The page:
In November 2010, assistant referee Steven Craven accused Dallas of exerting pressure on him to support referee Dougie McDonald, who had lied about a disallowed penalty incident in a match at Tannadice Park. Dallas himself had initially publicly repeated McDonald's false version of events[36] but denied allegations of "bullying and harassment". Dallas was supported personally by the SFA, though the body promised an overhaul of referee discipline.[37]

Later in November 2010, Dallas faced an inquiry after it emerged that he had allegedly sent what has been described as a sectarian[38] and offensive[39] email referring to the Pope from his SFA email account.[40] After journalist Phil Mac Giolla Bhain had broken the story,[41] the SFA issued a statement on 10 November stating that an investigation would be carried out.[42] On 24 November, the Roman Catholic Church in Scotland wrote to the SFA demanding that they remove Dallas from his position if the allegation was proved.[42] Dallas was sacked by the SFA on 26 November, after chief executive Stewart Regan had concluded the investigation into the allegations.[43] Four other SFA employees were also sacked; three of whom were later reinstated. Dallas planned to sue the SFA for unfair dismissal, but the case was settled before it reached court.[44]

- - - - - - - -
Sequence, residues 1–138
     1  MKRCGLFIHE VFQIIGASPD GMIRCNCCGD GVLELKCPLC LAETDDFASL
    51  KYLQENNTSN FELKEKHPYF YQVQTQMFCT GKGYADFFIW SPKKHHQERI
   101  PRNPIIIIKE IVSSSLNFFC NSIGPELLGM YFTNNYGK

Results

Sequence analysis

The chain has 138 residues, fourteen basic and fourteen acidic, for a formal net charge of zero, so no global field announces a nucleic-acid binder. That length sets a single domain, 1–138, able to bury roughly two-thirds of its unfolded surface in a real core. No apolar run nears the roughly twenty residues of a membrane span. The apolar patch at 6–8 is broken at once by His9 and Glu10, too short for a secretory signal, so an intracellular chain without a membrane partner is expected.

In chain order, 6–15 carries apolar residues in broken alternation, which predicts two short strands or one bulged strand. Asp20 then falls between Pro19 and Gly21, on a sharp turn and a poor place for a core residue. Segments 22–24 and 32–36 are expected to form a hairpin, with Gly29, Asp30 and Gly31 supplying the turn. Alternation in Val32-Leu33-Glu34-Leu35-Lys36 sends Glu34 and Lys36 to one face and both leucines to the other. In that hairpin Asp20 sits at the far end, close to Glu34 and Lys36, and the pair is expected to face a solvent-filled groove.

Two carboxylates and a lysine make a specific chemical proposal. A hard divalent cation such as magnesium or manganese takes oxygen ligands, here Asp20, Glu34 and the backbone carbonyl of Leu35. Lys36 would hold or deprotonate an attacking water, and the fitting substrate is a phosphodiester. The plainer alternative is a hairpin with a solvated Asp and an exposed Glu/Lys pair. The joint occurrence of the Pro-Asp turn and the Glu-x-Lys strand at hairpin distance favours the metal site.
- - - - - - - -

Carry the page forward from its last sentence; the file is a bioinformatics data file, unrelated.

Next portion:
After Dallas was sacked there was concern from referees in Scotland that standards of officiating could drop.[45] Fifa listed Scottish referee Craig Thomson said, "I see him as a world-class individual within Scottish football, There is a lot of work behind the scenes that I'm hoping won't be lost."[45] Referee John McKendrick said, "It's certainly a major blow for Scottish refereeing, At the peak of his game, there are very few figures in Scottish football who have been at the level Hugh Dallas was at."[45]

In August 2014, he was appointed Chief Refereeing Officer in Superleague Greece. In November 2014, he criticised the arbitration of Ilias Spathas (one of the many refs involved in the 2015 Greek football scandal), after a match of Olympiakos, as the "worst he has ever seen" saying that the mistakes were not normal.[46][47] A few days later he quit from being responsible for the appointments of refereeing officials for Super League and Football League matches.[48][49]

Outside football